Post # 4
Member
24 posts
Newbee
  • Wedding: September 2012

I’m not a nurse but I did have a wonderful, non medicated (and quick) natural delivery for my son last year. I had all of my prenatal care by one of 4 midwives in the practice. When it came time to deliver I did so in hospital with one of the wives using a tub for pain management. My active labor was less than 4 hours. I believe choosing natural birth actually made my labor go faster rather than slower. I had the mentality from the beginning of trusting in my body and I was confident going into labor that I could bring my baby into our arms. And I did. I was glad in the moment of his emergence to be fully aware and immersed. I can’t say enough good things about a midwife assisted hospital birth.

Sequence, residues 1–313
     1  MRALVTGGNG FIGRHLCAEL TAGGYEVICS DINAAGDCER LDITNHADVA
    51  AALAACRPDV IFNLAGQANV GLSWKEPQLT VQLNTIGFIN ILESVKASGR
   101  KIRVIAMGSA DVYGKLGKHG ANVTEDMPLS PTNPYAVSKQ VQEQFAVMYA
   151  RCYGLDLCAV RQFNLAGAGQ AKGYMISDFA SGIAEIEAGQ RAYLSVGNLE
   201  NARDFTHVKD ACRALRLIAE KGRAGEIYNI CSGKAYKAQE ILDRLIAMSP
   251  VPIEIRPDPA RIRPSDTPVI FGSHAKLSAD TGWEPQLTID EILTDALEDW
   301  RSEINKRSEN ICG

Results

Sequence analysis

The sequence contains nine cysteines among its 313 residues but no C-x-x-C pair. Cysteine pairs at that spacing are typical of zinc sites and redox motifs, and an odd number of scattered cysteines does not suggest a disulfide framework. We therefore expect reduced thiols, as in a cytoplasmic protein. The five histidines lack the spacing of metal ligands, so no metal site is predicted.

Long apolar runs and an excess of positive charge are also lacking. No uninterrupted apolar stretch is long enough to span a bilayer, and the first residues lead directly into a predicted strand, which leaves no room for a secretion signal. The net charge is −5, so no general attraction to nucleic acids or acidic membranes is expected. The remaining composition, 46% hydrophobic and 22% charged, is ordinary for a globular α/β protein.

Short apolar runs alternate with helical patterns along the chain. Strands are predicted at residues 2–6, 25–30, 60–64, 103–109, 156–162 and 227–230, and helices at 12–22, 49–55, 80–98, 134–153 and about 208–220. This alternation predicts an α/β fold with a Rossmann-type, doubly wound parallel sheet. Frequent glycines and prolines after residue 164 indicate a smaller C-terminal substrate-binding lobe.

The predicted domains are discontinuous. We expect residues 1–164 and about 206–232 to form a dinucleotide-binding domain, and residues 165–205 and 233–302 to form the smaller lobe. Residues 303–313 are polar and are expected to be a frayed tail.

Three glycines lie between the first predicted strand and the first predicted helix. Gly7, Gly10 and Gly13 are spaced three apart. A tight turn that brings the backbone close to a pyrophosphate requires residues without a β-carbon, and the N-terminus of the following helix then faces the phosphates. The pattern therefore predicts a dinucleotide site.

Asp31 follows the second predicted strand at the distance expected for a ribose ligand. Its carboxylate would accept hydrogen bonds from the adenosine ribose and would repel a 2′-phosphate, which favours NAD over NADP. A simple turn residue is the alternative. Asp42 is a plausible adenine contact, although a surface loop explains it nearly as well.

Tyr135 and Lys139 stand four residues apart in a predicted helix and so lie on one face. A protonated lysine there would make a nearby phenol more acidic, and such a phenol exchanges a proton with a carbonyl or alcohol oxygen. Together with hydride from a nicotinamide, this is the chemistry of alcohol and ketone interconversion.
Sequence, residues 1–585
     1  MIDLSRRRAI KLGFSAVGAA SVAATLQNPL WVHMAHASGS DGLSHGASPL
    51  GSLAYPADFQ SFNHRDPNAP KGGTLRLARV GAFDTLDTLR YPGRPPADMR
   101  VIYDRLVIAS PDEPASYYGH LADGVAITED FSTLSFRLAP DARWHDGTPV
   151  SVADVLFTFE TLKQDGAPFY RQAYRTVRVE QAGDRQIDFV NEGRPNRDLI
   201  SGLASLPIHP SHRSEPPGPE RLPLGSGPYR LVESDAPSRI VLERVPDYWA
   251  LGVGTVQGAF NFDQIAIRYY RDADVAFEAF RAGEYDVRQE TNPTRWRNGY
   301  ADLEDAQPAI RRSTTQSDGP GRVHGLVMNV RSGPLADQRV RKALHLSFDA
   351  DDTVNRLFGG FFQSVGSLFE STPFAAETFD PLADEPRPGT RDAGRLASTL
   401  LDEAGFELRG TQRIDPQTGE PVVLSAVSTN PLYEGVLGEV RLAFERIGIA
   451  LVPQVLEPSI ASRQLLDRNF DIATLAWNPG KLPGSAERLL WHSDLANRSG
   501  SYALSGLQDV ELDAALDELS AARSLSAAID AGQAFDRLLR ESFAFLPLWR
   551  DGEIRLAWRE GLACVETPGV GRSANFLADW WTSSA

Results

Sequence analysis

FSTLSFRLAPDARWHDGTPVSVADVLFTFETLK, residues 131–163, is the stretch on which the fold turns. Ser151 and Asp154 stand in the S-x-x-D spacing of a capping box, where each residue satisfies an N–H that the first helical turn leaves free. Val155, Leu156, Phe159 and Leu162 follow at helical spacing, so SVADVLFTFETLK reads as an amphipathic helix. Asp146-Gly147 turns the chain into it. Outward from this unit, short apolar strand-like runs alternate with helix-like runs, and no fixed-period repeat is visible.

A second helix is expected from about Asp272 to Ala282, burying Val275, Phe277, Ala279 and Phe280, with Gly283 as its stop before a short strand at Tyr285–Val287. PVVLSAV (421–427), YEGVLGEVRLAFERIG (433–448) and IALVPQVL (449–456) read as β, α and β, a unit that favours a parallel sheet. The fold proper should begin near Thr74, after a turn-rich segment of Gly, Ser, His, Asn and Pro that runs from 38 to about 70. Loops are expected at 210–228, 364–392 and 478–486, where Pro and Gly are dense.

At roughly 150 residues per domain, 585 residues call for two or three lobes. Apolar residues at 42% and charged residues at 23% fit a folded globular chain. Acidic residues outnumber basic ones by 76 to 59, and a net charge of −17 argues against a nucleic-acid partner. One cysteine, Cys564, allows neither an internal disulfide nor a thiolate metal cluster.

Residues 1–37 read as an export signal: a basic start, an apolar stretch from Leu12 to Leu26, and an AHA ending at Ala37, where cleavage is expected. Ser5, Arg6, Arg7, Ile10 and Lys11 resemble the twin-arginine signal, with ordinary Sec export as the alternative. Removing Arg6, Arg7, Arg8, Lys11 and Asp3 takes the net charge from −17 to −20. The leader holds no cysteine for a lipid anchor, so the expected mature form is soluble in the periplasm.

Post # 5
Member
24 posts
Newbee
  • Wedding: September 2012

Congratulations on your pregnancy!

I’m not a nurse but I did have a wonderful, non medicated (and quick) natural delivery for my son last year. I had all of my prenatal care by one of 4 midwives in the practice. When it came time to deliver I did so in hospital with one of the wives using a tub for pain management. My active labor was less than 4 hours. I believe choosing natural birth actually made my labor go faster rather than slower. I had the mentality from the beginning of trusting in my body and I was confident going into labor that I could bring my baby into our arms. And I did. I was glad in the moment of his emergence to be fully aware and immersed. I can’t say enough good things about a midwife assisted hospital birth. 

Post # 6
Member
3010 posts
Sugar bee
  • Wedding: October 2011